Output of preamplifier recorded by a storage oscilloscope. The preamplifier and the oscilloscope were connected by a RG-58 cable (20 ns delay). The small signal response could not be distinguished above the pulsed EMI.
Transmitter circuit diagram. In Sec. III D, an external signal supply was applied at V1 replacing the photovoltaic detector and preamplifier to test the frequency response and gain of the fiber-optic link.
Receiver circuit diagram.
Output voltage of the receiver plotted against the input current of the laser diode. The data was measured shortly after turning the laser on (red squares) and after having waited several minutes while the laser is on (blue triangles). The solid and dashed lines refer to linear fits in the interval 5 mA <I d < 50 mA.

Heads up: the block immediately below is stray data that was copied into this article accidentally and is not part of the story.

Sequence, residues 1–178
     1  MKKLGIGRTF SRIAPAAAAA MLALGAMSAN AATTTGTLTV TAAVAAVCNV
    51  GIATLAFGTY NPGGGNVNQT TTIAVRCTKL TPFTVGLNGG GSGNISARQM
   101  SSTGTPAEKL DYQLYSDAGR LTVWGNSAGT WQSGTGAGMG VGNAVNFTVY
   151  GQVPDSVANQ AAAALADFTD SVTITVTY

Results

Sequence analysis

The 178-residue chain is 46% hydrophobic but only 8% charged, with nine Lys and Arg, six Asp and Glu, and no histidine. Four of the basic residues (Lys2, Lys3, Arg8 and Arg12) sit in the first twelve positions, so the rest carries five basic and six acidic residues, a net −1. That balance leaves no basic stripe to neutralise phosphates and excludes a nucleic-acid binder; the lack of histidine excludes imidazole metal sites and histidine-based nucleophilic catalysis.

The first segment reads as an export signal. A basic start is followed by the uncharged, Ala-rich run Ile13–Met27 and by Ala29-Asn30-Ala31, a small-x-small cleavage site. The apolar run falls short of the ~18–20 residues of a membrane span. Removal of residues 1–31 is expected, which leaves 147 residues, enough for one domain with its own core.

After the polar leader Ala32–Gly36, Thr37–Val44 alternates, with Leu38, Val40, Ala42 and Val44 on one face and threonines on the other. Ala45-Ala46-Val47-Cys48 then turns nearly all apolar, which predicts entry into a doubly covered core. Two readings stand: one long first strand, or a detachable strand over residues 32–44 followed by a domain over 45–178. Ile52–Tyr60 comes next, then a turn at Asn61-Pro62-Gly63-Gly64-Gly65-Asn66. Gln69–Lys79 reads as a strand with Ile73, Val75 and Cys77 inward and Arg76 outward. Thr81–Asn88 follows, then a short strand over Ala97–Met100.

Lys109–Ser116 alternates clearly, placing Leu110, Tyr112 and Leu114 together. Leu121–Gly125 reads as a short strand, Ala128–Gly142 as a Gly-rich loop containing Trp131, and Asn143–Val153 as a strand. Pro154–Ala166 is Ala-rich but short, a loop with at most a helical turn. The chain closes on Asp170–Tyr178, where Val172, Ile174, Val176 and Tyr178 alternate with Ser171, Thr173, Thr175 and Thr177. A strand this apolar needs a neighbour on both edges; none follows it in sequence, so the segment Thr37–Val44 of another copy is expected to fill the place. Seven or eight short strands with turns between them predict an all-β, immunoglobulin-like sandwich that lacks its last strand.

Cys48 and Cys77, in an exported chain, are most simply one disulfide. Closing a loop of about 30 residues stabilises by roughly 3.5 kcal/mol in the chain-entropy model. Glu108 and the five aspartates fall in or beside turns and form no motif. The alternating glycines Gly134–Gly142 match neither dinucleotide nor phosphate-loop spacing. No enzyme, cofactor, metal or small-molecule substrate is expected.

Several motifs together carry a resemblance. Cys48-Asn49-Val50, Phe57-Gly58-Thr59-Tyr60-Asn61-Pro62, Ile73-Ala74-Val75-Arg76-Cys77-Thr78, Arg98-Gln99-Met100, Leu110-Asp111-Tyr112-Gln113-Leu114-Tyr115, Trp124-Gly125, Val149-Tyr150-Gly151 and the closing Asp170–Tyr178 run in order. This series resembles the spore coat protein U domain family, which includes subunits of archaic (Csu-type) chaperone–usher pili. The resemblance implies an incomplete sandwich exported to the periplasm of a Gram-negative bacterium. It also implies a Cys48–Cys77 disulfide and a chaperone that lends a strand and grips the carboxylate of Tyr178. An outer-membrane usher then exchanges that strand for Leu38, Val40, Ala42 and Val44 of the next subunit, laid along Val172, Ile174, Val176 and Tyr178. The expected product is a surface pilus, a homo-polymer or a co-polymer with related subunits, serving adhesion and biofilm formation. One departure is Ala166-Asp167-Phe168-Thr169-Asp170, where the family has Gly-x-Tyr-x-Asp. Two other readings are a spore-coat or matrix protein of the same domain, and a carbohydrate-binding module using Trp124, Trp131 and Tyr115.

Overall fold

The frequency response of the system was measured for different input amplitudes (peak-to-peak). The 3 dB point is approximately 35 MHz, above which response rolls off sharply.
The relation between input signal of transmitter circuit and output of receiver circuit is linear at 10 MHz. It shows an effective gain of -0.236 ± 0.002.
Layout of measurements: Case 1, steady-state; Case 2, small-signal pulsed gain test; and Case 3, high-power pulsed oscillator test.
Case 1: Steady-state laser power measurement. We used the new measurement system to measure the power level of a low-power cw laser and the result was compared with that of an absolutely calibrated power meter. The applied power range was limited by the saturation of the preamplifier in the fiber-optic measurement system.
Case 2: Time-dependent measurement of TEA amplified laser output using the fiber-optic system. The pre-amplification power level is about 0.22 W and the peak power is about 0.72 W yielding a single-pass gain of 3.3.
Case 3: Fast laser pulse measurement using the fiber-optic system. The FWHM width of the laser pulse was about 50 ns, which was as expected. The low-intensity tail was due to the momentum transfer from N2 to CO2 molecules.
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